Barbados’ first-ever female referee, Joan Hall, is pleased to see the development of local football and would be even happier for the day when local players move from amateur to semi-professional.
Hall who first began officiating in the 1970s and 1980s said she was very satisfied to see the number of women who were gravitating towards becoming referees. Since Hall wrote her name in Barbados’ history books, the likes of Gillian Martindale, Tonia Deane and Shannon Gibson have all gone on to secure FIFA badges.
Now in her 70s, Hall who refereed back in the day alongside Mark “Bob” Forde, Frederick Hoyte, Noel Stephens, Sherlock Wall and founder of the Christ Church League Gordon Douglas, is elated to see efforts being made through the Emmerson Boyce Foundation, the Barbados Football Association and Team You to develop the women’s side of the game.
The possibility of Barbados making it to the World Cup someday may not be in her lifetime. But Hall is confident that it could happen once adequate support is given.
“I feel happy to see the development of women’s football locally because other countries are doing well. All we have to do is live by the rules and don’t let anybody determine what we are to do and rather we know what we are to do. Like they got some little children, you tell them don’t move, they move. All we have to do is work to the best of our ability and Barbados will get through.
“In my time the guys used to go work in construction and then have to come home and go play football. It was hard. Somebody got to sit down and talk so something can be done. Especially the guys who represent Barbados should be given time to train and represent the country, like a semi-professional something,” Hall explained.
The mother of former Barbados midfielder Adrian Hall and John Hall is a proud supporter of Claytons Kola Tonic Notre Dame and Weymouth Wales and a die-hard Liverpool and Barcelona fan. Hall hardly ever missed an international game that Barbados played especially when Adrian was in the line up.
Reflecting on her days officiating, Hall who did several school leagues, local premier league and a few regional competitions particularly in Guyana, said it was one of the best experiences of her life.
She also spoke about what it was like officiating the men’s game during that era, noting that some were respectful and would listen to her commands on the field.
“I used to fret the referees before I became one. And they used to tell me to come and join so somebody could fret me. It was nice, that’s the truth and I used to be every Saturday morning at Weymouth or the Garrison. I even refereed in Guyana and it was so nice. You used to see the parents come out and everybody had a good time,” Hall said.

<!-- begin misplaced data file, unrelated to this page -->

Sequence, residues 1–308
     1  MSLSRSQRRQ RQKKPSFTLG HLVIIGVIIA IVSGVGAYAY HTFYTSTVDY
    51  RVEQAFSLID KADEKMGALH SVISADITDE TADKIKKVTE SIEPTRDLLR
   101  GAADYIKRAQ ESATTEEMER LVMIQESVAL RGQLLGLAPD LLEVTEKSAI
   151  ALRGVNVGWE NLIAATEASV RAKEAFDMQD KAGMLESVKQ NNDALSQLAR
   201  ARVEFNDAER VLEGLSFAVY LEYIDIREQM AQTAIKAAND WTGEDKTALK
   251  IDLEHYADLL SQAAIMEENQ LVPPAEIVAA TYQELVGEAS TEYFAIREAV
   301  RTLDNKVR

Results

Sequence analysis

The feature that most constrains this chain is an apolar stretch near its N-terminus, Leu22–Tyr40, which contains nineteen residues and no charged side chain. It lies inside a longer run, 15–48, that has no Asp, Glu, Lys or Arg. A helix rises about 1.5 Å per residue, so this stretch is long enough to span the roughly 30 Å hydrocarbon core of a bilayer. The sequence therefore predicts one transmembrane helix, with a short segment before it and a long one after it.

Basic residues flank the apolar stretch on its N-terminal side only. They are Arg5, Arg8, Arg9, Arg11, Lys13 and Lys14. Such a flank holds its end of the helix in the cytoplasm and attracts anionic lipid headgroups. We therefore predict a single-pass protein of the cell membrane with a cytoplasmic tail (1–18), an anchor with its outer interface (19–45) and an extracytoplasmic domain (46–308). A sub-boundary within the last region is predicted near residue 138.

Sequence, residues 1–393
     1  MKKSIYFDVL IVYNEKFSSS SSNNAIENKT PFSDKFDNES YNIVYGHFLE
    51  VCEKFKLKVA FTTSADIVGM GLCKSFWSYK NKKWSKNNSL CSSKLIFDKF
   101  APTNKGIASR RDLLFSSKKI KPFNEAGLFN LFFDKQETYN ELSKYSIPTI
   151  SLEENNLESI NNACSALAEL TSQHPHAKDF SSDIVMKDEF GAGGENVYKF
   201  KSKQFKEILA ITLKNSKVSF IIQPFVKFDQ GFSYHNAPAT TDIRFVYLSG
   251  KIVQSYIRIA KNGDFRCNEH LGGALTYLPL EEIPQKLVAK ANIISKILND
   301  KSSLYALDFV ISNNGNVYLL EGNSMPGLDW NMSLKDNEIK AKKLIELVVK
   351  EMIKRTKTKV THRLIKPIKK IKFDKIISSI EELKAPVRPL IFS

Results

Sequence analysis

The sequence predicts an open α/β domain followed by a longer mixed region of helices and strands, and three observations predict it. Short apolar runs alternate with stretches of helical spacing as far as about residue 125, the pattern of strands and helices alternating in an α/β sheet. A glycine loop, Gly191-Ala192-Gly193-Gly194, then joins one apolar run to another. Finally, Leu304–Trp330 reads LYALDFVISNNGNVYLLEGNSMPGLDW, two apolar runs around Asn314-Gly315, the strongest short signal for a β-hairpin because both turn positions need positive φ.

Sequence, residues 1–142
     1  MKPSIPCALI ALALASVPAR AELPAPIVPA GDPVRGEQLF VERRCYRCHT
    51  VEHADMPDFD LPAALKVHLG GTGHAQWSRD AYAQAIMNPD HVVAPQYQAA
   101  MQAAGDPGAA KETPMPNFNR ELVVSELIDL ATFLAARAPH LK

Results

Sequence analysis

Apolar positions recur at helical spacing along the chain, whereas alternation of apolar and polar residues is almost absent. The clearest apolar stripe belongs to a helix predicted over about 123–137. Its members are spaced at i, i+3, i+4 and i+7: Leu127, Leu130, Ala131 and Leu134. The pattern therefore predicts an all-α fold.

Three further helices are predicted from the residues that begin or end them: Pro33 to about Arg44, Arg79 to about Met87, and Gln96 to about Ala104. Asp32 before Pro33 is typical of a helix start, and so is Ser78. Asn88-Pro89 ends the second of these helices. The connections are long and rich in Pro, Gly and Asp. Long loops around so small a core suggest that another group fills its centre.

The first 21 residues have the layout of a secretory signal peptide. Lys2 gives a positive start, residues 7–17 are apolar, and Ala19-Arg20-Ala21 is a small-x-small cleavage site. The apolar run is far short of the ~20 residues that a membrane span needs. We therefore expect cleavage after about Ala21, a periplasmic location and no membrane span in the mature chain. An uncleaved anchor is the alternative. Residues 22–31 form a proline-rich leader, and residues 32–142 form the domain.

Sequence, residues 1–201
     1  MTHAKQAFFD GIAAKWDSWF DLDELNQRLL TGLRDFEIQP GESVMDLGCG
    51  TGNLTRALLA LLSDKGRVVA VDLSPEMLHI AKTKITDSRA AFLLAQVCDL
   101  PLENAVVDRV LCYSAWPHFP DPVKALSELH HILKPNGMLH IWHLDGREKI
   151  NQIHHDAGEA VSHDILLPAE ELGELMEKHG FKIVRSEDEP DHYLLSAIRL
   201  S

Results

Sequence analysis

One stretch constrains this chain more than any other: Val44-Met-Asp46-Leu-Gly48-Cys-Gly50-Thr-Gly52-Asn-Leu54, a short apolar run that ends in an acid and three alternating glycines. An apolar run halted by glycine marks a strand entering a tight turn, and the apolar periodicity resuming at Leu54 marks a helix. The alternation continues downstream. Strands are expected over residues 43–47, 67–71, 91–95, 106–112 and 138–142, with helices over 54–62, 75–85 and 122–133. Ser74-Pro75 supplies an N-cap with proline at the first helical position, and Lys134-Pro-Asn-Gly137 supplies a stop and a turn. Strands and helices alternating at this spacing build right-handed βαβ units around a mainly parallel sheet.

An avid sports lover who also enjoys watching cricket, she encouraged players to respect referees because it was not an easy job. In fact, she insisted that respect should go both ways and added: “Refereeing is a tiresome job and when you don’t get the respect you should get dealing with big people it makes it difficult.”
A former maid at the Queen Elizabeth Hospital which was not far from home as she was born and raised behind the St. Michael School, Hall believes in discipline and advised parents to send their children to church. She said: “I always say I’m the mother, not the child is the mother. So, you got to hear what I say, not that I am to listen to you. So, I would like to see the parents sending their children to church and Sunday school.”
Once a student of St. Ambrose Primary and Harlington High which was located where Purity Bakery is now stationed, Hall suggested that if the BFA could attract a good sponsor to finance a two-hour coverage of local football that would be great.
“All I would like is a good sponsor so that when some of the teams play, that we can have two hours on television to see and not only hear on the radio. That is what I would like. And once that happens the fellas got to understand it is football they come to play and not go sit and smoke and such like. Left that out for another time. Not on the field or even half-time. When you are finished, you relax, then bathe and go home,” Hall added.